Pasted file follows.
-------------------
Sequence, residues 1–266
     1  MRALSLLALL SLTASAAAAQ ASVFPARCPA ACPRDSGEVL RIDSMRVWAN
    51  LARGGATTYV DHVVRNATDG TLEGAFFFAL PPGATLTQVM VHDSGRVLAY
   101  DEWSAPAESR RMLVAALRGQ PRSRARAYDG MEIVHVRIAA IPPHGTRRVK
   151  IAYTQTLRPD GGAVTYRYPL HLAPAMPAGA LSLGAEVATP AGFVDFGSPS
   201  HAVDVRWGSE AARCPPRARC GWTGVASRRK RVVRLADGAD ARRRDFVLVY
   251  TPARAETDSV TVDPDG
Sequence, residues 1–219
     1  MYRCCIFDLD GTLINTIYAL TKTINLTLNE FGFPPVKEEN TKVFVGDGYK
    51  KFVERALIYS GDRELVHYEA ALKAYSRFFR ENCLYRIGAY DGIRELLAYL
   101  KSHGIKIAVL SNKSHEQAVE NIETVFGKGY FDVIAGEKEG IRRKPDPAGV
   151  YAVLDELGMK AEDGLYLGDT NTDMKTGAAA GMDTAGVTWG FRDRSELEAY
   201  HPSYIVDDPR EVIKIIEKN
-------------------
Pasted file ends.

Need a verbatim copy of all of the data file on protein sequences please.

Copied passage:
Sequence, residues 1–266
     1  MRALSLLALL SLTASAAAAQ ASVFPARCPA ACPRDSGEVL RIDSMRVWAN
    51  LARGGATTYV DHVVRNATDG TLEGAFFFAL PPGATLTQVM VHDSGRVLAY
   101  DEWSAPAESR RMLVAALRGQ PRSRARAYDG MEIVHVRIAA IPPHGTRRVK
   151  IAYTQTLRPD GGAVTYRYPL HLAPAMPAGA LSLGAEVATP AGFVDFGSPS
   201  HAVDVRWGSE AARCPPRARC GWTGVASRRK RVVRLADGAD ARRRDFVLVY
   251  TPARAETDSV TVDPDG
Sequence, residues 1–219
     1  MYRCCIFDLD GTLINTIYAL TKTINLTLNE FGFPPVKEEN TKVFVGDGYK
    51  KFVERALIYS GDRELVHYEA ALKAYSRFFR ENCLYRIGAY DGIRELLAYL
   101  KSHGIKIAVL SNKSHEQAVE NIETVFGKGY FDVIAGEKEG IRRKPDPAGV
   151  YAVLDELGMK AEDGLYLGDT NTDMKTGAAA GMDTAGVTWG FRDRSELEAY
   201  HPSYIVDDPR EVIKIIEKN